There is not much that is more frightening than getting bitten by a dog. Provoked or not, dog bites are often painful and have the potential to become quite dangerous if not appropriately treated. Victims of dog bites should always report the situation to the proper authorities, because it documents the case, as well as researches the health of the dog, if possible. However, in the midst of all that is taking place after a dog bite, it can be hard to know where and how to report the bite.
Collect the information of the dog that bit you from its owner, if possible. Obtain the owner's name, address and phone number, as well as the name and breed of the dog and its veterinarian's contact information. If you are able, also collect the rabies tag number of the animal and find out if the dog's current veterinarian administered the vaccine. Get the names and contact information of any witnesses who saw the attack.
Remember the location where the bite took place and the description of the dog, if it was wild or the owner was not present. This information may help authorities locate the animal and its owner, if it has one.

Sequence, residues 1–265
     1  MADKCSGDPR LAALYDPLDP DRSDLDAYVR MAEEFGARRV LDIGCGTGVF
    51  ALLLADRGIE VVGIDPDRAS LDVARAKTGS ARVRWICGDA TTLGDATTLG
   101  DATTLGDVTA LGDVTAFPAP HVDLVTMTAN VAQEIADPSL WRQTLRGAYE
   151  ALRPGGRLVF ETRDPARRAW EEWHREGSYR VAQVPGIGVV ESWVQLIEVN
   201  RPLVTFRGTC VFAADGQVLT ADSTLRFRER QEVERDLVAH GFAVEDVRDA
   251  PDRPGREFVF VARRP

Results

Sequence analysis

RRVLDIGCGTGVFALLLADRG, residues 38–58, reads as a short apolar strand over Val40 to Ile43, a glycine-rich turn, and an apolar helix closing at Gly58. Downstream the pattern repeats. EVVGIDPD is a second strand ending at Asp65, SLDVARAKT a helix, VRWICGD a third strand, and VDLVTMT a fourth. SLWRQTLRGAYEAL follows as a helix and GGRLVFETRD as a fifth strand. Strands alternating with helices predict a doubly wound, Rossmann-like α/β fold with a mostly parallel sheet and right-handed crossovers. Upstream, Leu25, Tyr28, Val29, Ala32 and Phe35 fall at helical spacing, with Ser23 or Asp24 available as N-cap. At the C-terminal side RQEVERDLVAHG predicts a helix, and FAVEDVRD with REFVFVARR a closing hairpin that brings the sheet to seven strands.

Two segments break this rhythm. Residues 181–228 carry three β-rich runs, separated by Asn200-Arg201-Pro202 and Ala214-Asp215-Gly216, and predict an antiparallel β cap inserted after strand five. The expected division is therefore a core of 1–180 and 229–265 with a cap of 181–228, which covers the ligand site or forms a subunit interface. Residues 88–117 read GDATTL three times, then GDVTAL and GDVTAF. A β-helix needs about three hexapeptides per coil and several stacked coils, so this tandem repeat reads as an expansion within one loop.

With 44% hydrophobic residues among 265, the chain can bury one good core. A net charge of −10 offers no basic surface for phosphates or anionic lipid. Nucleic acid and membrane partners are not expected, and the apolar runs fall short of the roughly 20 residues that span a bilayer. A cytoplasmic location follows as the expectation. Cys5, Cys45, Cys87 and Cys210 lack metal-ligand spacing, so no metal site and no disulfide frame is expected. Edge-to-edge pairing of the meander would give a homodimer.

Contact your local police department or animal control centre to report the bite. Depending upon the state, it varies as to whom you should contact. Sometimes, the two offices are linked and you only need to call your police department. Take note of whom you spoke with and when and be sure to give him all the information he asks for.
- Seek medical attention immediately after the bite. Bites often require stitches, as well as antibiotics. In addition, the doctor may also prescribe pain medication. Sometimes, you are able to report the bite to the police at the hospital, although you may still need to contact animal control, as well.
- If the dog is not current on its rabies vaccine or the attacker was a stray or wild, you may need to receive rabies treatment.
- According to DogBiteLaw.com, dog-bite victims should take pictures of their wounds, bruises and bloody clothing. Do not sign anything and do not allow anyone but yourself to take pictures of or record you. In addition, do not accept any money and do not discuss who is at fault, unless you are speaking to the authorities. Victims may also want to consider contacting a lawyer, as costs for future treatment---such as cosmetic surgery, if required---may not be covered by the insurance company.